I agree that in a master-slave topology, your argument makes sense.
I this case, the server was a singleton responsible for a small virtual
private network within a much larger one. So. when the server failed to start,
the client had NO DNS for that subnet.



--
----------------------------------------------------------------------------
Tim Daneliuk     [hidden email]
PGP Key:         http://www.tundraware.com/PGP/

_______________________________________________
Please visit https://lists.isc.org/mailman/listinfo/bind-users to unsubscribe from this list

ISC funds the development of this software with paid support subscriptions. Contact us at https://www.isc.org/contact/ for more information.


bind-users mailing list
[hidden email]
https://lists.isc.org/mailman/listinfo/bind-users
Reply | Threaded
Open this post in threaded view
|

Re: How Zone Files Are Read

Timothe Litt
In reply to this post by Tim Daneliuk
On 16-Dec-20 11:37, Tim Daneliuk wrote:
I ran into a situation yesterday which got me pondering something about bind.

In this case, a single line in a zone file was bad.  The devops automation
had inserted a space in the hostname field of a PTR record.

What was interesting was that - at startup - bind absolutely refused
to load the zone file at all.  I would have expected it to complain
about the bad record and ignore it, but load the rest of the
good records.

Can someone please explain the rationale or logic for this?  Not complaining,
just trying to understand for future reference.

TIA,
Tim

DNS is complicated.  The scope of an error in a zonefile is hard to determine.

To avoid this, your automation should use named-checkzone before releasing a zone file.

This will perform all the checks that named will when it is loaded.

Timothe Litt
ACM Distinguished Engineer
--------------------------
This communication may not represent the ACM or my employer's views,
if any, on the matters discussed. 

_______________________________________________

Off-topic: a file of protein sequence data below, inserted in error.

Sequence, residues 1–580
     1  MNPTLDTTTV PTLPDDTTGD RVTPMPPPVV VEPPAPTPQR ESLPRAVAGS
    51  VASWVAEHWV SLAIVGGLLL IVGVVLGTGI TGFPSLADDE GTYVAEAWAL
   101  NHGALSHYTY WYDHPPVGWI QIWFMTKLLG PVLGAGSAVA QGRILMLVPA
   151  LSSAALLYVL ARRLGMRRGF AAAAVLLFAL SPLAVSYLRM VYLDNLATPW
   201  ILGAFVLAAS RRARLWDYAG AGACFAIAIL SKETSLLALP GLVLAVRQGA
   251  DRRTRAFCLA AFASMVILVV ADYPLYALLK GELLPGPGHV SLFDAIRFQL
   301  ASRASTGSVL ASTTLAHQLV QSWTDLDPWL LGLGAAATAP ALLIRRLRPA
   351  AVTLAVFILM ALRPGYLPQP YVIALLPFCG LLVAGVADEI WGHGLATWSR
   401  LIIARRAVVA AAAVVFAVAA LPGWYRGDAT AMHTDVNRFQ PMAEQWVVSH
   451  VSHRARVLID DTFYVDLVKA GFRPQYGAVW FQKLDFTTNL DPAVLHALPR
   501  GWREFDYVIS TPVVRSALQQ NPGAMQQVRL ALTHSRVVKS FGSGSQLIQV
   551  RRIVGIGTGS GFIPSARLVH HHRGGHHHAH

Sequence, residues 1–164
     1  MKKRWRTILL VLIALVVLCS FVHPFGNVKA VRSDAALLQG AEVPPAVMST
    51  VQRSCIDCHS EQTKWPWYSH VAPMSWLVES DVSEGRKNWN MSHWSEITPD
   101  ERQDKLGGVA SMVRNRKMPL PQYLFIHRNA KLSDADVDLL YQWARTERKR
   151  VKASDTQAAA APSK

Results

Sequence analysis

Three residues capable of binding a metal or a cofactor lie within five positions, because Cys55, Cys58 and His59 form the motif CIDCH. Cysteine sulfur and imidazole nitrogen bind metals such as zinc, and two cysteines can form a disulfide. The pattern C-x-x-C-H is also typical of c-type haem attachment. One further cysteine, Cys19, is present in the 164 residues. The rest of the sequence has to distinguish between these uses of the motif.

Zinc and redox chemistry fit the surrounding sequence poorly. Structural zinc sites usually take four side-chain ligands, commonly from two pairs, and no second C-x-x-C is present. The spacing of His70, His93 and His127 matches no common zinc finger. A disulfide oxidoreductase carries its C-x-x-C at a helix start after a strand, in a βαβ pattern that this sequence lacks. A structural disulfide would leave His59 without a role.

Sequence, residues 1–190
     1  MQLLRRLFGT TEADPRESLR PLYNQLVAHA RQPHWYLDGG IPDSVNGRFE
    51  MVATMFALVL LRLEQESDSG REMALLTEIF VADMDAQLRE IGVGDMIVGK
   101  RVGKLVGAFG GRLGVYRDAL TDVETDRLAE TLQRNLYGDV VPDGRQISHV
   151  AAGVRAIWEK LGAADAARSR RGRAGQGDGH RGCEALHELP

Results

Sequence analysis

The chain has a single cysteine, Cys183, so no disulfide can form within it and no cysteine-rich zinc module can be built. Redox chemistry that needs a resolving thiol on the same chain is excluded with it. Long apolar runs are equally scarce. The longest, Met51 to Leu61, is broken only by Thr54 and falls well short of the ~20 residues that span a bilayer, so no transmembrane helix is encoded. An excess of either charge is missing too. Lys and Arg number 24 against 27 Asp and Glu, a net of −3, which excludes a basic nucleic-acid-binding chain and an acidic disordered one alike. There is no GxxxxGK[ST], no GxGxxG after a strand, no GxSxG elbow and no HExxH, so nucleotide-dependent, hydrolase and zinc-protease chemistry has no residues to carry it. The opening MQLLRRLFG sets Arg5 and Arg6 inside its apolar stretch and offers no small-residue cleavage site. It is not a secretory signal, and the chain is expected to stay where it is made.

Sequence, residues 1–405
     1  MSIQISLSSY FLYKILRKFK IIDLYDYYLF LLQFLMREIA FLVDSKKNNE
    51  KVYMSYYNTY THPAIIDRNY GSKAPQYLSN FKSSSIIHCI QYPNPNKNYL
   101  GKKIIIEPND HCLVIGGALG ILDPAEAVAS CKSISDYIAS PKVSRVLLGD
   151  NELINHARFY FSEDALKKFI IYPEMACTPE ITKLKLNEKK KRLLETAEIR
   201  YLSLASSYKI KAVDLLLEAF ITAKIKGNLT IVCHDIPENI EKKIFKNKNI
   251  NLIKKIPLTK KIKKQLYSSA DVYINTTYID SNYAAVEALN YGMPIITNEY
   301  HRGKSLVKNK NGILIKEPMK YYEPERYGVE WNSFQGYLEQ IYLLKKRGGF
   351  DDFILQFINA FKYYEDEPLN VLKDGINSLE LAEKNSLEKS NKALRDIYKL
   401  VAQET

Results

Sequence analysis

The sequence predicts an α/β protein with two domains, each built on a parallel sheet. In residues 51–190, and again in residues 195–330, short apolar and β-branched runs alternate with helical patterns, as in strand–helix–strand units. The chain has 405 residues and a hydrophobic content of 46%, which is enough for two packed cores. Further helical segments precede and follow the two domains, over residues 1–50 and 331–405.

Please visit https://lists.isc.org/mailman/listinfo/bind-users to unsubscribe from this list

ISC funds the development of this software with paid support subscriptions. Contact us at https://www.isc.org/contact/ for more information.


bind-users mailing list
[hidden email]
https://lists.isc.org/mailman/listinfo/bind-users

OpenPGP_signature (505 bytes) Download Attachment
Reply | Threaded
Open this post in threaded view
|

Re: How Zone Files Are Read

Tim Daneliuk
On 12/16/20 12:25 PM, Timothe Litt wrote:

> On 16-Dec-20 11:37, Tim Daneliuk wrote:
>> I ran into a situation yesterday which got me pondering something about bind.
>>
>> In this case, a single line in a zone file was bad.  The devops automation
>> had inserted a space in the hostname field of a PTR record.
>>
>> What was interesting was that - at startup - bind absolutely refused
>> to load the zone file at all.  I would have expected it to complain
>> about the bad record and ignore it, but load the rest of the
>> good records.
>>
>> Can someone please explain the rationale or logic for this?  Not complaining,
>> just trying to understand for future reference.
>>
>> TIA,
>> Tim
>
> DNS is complicated.  The scope of an error in a zonefile is hard to determine.
>
> To avoid this, your automation should use named-checkzone before releasing a zone file.
>
> This will perform all the checks that named will when it is loaded.
>


Kind of what I thought.  Whoever build the environment in question
really didn't understand DNS very well and hacked together a kludge
that I am still trying to get my head around.


--
----------------------------------------------------------------------------
Tim Daneliuk     [hidden email]
PGP Key:         http://www.tundraware.com/PGP/

_______________________________________________
Please visit https://lists.isc.org/mailman/listinfo/bind-users to unsubscribe from this list

ISC funds the development of this software with paid support subscriptions. Contact us at https://www.isc.org/contact/ for more information.


bind-users mailing list
[hidden email]
https://lists.isc.org/mailman/listinfo/bind-users
Reply | Threaded
Open this post in threaded view
|

Re: How Zone Files Are Read

Timothe Litt

On 16-Dec-20 13:52, Tim Daneliuk wrote:
On 12/16/20 12:25 PM, Timothe Litt wrote:
On 16-Dec-20 11:37, Tim Daneliuk wrote:
I ran into a situation yesterday which got me pondering something about bind.

In this case, a single line in a zone file was bad.  The devops automation
had inserted a space in the hostname field of a PTR record.

What was interesting was that - at startup - bind absolutely refused
to load the zone file at all.  I would have expected it to complain
about the bad record and ignore it, but load the rest of the
good records.

Can someone please explain the rationale or logic for this?  Not complaining,